Word Count

Writers Talk About Writing

Your Choice: Alternating Between Alternatives

Cities that have hard winters have no "alternative" and must repair roads in the summer. And when they do, they need to provide motorists with "alternate" routes.

That sentence illustrates the difference between "alternative" and "alternate."

The two words can sometimes "alternate" places with each other. Knowing the nuance each brings, however, can make a sentence more precise, or less.

As a noun, "alternate" means a substitute, as in the first "alternate" on the jury, someone who will step in if another juror cannot serve. As an adjective, it has two similar but distinct meanings. One is the substitute, the "alternate" juror. The other is something that takes turns: "The club will meet on alternate Fridays," meaning it meets one Friday, does not meet the next, but meets the Friday after that. "Alternate" is also a verb.

As a noun, "alternative" is an option or a choice, as in "My doctor gave me the alternatives of eating more fish, tofu, or beans instead of red meat." Some usage experts, apparently leaning on the Latin root of "alter" as meaning "the other of two," have argued that an "alternative" offers only two choices, but they have been shouted down enough that they can be ignored. "Alternative" is not a verb.

It’s where "alternative" is used as an adjective that the differences with "alternate" come most into play. Some of the "choices" involved in having "alternatives" may indeed be considered substitutes, or "alternates," but not all of them. "Alternative" story forms in journalism, for example, such as graphics or Q & A forms, could be complements to "traditional" forms or be used in their place. But few people call them "alternate" story forms.

In many stories, though, writers use "alternate" when they mean "alternatives," in effect confusing substitutes and choices. "The City Council was presented with three alternate ways to deal with the budget crisis," for example, should have been "three alternative ways." Even better, "three alternatives." And therein lies a test to see if you want the adjective "alternative" or "alternate": If you make the adjective into a noun, which would you use? Few people would say "The City Council was presented with three alternates to deal with the budget crisis."

As a second test, if you can use the noun "substitute," you probably want "alternate"; if you can say "choice," you probably want "alternative." "The City Council was presented with three substitutes to deal with the budget crisis" makes less sense than "The City Council was presented with three choices to deal with the budget crisis."

Garner’s Modern American Usage lists the use of "alternate" as an adjective when "alternative" is meant at Stage 3 of the five-stage Language-Change Index, meaning it’s not fatal to use it. But given the alternative—lack of clarity in your writing—you should choose the alternate route.


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Merrill Perlman is adjunct assistant professor at the Columbia Graduate School of Journalism and president of Merrill Perlman Consulting, offering consulting and freelance editing services and training in journalism, grammar and usage. Among her clients are The New York Times, ProPublica and the Poynter Institute. She writes the "Language Corner" column and blog for Columbia Journalism Review. Merrill retired in June 2008 after 25 years at The New York Times, most recently as director of copy desks with responsibility for managing 150 copy editors. Click here to read more articles by Merrill Perlman.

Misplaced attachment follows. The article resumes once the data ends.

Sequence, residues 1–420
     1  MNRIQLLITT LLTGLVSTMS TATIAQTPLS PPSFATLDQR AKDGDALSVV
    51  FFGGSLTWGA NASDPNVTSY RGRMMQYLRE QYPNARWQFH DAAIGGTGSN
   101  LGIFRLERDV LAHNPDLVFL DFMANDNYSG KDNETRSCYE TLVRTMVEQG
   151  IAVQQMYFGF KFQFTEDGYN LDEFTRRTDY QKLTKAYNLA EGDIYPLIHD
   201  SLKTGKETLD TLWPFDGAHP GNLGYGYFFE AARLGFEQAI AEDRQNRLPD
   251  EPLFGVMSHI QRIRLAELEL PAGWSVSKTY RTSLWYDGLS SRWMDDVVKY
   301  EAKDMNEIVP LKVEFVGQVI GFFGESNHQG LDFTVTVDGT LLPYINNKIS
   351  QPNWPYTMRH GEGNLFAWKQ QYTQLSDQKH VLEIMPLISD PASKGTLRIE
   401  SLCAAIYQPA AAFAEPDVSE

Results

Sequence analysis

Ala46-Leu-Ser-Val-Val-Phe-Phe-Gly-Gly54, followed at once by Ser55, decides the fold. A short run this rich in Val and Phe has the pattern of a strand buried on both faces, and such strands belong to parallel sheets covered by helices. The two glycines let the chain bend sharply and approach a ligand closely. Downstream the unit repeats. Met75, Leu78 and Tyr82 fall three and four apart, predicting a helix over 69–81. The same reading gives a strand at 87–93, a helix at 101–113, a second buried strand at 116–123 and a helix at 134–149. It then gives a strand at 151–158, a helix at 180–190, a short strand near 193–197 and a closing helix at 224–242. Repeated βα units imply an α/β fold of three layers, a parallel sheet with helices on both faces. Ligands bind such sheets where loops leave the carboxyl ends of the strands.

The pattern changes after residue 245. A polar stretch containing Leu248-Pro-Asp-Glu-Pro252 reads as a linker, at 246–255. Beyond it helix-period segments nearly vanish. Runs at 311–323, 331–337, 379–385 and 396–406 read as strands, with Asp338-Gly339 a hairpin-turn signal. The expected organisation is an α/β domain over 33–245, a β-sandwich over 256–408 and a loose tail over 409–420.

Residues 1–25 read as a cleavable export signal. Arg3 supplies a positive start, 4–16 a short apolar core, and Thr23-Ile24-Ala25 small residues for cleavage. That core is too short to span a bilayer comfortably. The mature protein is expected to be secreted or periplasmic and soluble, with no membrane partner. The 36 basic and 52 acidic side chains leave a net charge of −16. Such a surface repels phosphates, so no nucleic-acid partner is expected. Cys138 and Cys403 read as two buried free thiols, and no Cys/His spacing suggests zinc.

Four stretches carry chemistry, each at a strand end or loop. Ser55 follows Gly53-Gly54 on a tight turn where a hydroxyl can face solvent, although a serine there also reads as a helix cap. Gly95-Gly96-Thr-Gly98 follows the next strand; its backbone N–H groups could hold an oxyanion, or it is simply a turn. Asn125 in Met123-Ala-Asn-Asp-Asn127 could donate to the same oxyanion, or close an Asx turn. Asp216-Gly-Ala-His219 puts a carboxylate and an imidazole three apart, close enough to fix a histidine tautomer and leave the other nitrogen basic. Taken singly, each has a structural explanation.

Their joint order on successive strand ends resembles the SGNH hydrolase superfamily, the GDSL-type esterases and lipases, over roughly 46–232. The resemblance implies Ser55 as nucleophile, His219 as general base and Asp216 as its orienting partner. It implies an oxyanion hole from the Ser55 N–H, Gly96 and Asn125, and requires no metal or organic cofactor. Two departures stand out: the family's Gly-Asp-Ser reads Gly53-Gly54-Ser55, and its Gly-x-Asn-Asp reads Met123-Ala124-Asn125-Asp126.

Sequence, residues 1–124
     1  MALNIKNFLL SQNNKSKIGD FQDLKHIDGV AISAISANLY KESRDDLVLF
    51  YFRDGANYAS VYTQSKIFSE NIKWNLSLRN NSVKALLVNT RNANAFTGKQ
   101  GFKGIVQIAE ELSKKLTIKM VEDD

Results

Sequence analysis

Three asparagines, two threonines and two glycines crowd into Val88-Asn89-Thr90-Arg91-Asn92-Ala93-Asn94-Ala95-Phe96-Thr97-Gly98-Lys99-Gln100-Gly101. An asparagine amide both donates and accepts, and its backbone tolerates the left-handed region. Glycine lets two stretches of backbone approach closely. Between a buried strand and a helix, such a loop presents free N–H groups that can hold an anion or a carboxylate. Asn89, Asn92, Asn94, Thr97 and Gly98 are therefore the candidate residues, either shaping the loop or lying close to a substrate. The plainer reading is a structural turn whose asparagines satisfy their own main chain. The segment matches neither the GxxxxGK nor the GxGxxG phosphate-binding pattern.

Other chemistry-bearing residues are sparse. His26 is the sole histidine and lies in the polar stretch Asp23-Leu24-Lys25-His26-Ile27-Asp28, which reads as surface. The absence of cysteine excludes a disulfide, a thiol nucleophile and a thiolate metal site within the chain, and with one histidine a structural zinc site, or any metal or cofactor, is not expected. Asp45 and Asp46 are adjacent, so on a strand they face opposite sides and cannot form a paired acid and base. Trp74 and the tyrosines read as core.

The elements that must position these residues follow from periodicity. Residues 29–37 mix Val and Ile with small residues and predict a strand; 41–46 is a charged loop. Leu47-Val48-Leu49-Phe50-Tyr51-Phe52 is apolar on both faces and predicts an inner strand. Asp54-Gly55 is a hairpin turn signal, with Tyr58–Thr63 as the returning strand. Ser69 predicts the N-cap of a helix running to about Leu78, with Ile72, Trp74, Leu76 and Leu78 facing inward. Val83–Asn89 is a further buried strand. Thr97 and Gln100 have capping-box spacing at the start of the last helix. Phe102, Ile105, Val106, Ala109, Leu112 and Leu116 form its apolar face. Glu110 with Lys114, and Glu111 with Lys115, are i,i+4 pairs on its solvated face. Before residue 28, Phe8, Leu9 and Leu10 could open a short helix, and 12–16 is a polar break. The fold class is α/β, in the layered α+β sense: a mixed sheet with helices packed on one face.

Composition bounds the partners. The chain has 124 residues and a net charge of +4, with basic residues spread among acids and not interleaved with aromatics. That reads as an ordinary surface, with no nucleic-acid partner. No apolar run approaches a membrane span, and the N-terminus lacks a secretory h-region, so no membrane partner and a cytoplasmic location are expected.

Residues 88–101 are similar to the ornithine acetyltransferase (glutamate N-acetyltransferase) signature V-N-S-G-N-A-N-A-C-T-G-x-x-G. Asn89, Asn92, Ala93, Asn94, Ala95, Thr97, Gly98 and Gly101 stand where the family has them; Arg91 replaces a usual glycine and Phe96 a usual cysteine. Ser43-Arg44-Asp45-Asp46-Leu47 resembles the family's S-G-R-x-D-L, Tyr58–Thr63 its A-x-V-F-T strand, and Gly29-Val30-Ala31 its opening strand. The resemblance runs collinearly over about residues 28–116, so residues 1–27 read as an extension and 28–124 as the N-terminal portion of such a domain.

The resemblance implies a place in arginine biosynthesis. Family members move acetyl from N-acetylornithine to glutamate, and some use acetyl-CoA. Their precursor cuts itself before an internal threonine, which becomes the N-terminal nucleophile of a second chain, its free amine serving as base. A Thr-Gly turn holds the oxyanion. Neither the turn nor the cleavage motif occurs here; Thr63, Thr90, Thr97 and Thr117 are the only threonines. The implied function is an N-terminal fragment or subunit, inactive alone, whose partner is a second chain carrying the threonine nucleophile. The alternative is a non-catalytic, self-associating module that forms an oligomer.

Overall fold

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Comments from our users:

Friday August 31st 2012, 10:32 AM
Comment by: begum F.Top 10 Commenter
In this column you always clarify distinct usage of common English words or phrases about which we never pay any serious attention. Because, I read this column with great enthusiasm, that generated higher interests day by day, and I now wait eagerly for this column.
From now on, I will search for an " alternate" route to access to your writings as it will please my curiosity.
Saturday September 1st 2012, 2:11 AM
Comment by: Rosina W. (San Francisco Bay Area, CA)
I read Begum F's frequent comments with great pleasure. I have understood that Begum is a non-native speaker of English, working to improve his skills in reading, understanding and speaking the language. I applaud his efforts in doing so with the help of the VT. Wouldn't it be wonderful if there were were similar vocabulary programs for other languages!

Best wishes,
Rosina Wilson
California, USA
Top Speller
Saturday September 1st 2012, 2:12 AM
Comment by: Rosina W. (San Francisco Bay Area, CA)
I read Begum F's frequent comments with great pleasure. I have understood that Begum is a non-native speaker of English, working to improve his skills in reading, understanding and speaking the language. I applaud his efforts in doing so with the help of the VT. Wouldn't it be wonderful if there were were similar vocabulary programs for other languages!

Best wishes,
Rosina Wilson
California, USA
Top Speller
Saturday September 1st 2012, 11:46 PM
Comment by: begum F.Top 10 Commenter
Well, Ms. Rosina your comment boosted my enthusiasm for comment passing and surely I am not a native English person. Your idea of VT for other language is indeed unique and hopefully we will note those changes probably in our life time.
My great impression for VT(English)columns is that if we read these columns regularly, we do not need to watch TV or listen to Radio or read a Newspaper at all. We get all information surrounding us from around all the nations on this earth here in this limited space. All of them possess special talents and expose the necessary information in most articulate way.

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